Noble Effort Gathers Christians Together on Election Day

Tuesday, October 30, 2012 - 11:04 am

Noble Effort Gathers Christians Together on Election Day

No politician, no party can deliver the utopian society they promise. Neither candidate is the hope of the world. As Christians, we believe that job is taken.
Ben Irwin

Election Day Communion Planning GuideThe former Zondervan publishing executive and Episcopalian Michigander has teamed up with two Mennonite pastors to create Election Day Communion. The campaign is a network of more than 600 congregations of all denominations in all 50 states who have signed on to gather together on November 6th “to build unity in Christ in the midst of theological, political, and denominational differences” in “red states, blue states, and swing states.” The site leads with this manifesto:

Some of us will choose to vote for Barack Obama.
Some of us will choose to vote for Mitt Romney.
Some of us will choose to vote for another candidate.
Some of us will choose not to vote.

During the day of November 6, 2012, we will make different choices for different reasons, hoping for different results.

But that evening while our nation turns its attention to the outcome of the presidential election, let’s again choose differently. But this time, let’s do it together.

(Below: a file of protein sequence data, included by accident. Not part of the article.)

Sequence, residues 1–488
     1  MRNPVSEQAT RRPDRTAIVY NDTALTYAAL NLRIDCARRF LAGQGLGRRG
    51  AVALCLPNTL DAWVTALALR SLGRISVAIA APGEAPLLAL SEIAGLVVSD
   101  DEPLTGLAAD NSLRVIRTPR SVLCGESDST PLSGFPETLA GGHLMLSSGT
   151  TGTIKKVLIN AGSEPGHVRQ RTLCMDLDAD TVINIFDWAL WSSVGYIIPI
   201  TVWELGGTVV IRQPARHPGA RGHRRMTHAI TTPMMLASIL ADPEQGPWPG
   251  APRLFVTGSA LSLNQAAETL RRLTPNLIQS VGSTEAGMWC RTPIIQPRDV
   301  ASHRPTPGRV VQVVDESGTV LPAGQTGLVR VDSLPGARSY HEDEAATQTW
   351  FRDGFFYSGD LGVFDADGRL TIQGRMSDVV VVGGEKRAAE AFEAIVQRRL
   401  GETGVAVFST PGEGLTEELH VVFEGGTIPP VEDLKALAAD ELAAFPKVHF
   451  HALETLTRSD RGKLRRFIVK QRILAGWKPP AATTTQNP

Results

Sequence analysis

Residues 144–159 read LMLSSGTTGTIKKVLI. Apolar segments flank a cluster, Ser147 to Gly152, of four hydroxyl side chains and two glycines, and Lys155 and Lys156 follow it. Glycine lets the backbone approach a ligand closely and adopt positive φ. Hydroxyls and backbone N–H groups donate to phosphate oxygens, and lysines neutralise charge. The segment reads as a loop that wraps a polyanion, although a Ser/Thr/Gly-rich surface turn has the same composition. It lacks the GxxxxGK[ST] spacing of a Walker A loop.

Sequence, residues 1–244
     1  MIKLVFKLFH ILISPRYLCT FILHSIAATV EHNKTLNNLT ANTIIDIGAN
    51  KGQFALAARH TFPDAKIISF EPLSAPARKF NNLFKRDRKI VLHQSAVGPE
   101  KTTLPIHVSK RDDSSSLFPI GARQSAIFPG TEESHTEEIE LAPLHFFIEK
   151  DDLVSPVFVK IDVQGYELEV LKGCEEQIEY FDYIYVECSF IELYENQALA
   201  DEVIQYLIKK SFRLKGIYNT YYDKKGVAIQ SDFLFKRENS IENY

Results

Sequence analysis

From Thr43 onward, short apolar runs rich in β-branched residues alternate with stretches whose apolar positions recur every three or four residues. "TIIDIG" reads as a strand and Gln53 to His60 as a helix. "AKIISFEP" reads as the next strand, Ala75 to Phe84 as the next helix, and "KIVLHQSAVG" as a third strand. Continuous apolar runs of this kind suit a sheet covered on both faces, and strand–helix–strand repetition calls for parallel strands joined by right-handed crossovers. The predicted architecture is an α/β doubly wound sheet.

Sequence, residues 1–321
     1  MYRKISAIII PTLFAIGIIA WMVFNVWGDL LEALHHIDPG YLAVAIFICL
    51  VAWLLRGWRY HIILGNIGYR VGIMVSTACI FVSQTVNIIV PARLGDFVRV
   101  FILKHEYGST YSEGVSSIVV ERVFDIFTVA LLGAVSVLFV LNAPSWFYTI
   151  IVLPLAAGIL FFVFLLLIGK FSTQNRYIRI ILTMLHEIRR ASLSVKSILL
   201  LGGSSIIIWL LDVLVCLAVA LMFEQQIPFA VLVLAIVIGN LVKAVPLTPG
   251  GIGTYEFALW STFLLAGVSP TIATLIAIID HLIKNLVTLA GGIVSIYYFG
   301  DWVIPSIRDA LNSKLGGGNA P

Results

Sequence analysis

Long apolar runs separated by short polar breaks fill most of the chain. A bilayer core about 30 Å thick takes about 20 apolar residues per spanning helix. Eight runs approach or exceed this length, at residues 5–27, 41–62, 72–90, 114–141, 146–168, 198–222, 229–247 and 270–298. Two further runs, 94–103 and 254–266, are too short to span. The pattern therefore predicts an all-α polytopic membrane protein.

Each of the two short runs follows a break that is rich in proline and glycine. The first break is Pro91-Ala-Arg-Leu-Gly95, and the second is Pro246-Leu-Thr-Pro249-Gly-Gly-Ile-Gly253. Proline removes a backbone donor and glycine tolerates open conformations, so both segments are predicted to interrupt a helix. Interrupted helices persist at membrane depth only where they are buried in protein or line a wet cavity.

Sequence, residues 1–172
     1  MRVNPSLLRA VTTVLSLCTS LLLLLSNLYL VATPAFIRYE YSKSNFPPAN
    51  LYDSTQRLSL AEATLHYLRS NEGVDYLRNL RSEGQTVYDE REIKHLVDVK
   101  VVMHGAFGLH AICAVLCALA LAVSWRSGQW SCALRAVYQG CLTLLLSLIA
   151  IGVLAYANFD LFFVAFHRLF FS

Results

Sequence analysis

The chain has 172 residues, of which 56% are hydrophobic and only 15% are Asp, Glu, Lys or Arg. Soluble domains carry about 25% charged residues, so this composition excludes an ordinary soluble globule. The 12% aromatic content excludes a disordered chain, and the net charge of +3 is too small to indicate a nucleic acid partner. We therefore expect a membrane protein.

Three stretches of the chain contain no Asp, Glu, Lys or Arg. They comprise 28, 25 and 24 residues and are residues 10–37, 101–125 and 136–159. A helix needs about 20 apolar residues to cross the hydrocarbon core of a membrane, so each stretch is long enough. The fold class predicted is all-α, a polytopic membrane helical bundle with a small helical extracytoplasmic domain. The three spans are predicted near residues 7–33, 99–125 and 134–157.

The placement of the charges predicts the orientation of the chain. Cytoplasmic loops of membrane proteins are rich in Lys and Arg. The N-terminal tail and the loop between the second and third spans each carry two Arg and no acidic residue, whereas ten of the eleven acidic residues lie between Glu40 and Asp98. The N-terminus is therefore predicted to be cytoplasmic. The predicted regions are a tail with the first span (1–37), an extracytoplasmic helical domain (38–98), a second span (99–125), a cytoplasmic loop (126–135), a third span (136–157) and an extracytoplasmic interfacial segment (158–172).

It’s a noble effort that speaks to the premise of our own Civil Conversations Project, in which we aim to provide tools and ideas for healing our fractured civic spaces. This collaboration is one of those kindred projects that speaks to people’s yearning to achieve disagreement and work together.
(h/t to Charley Honey of The Grand Rapids Press for calling our attention to EDC.)

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is the cofounder of On Being and currently serves as chief content officer and executive editor. He received a Peabody Award in 2007 for his work on “The Ecstatic Faith of Rumi” and garnered two Webby Awards (in 2005, and again in 2008). The Online News Association nominated his journalistic work multiple times in the general excellence and outstanding specialty journalism categories. Trent’s reported and produced stories from Turkey to rural Alabama, from Israel and the West Bank to Cambridge, England.

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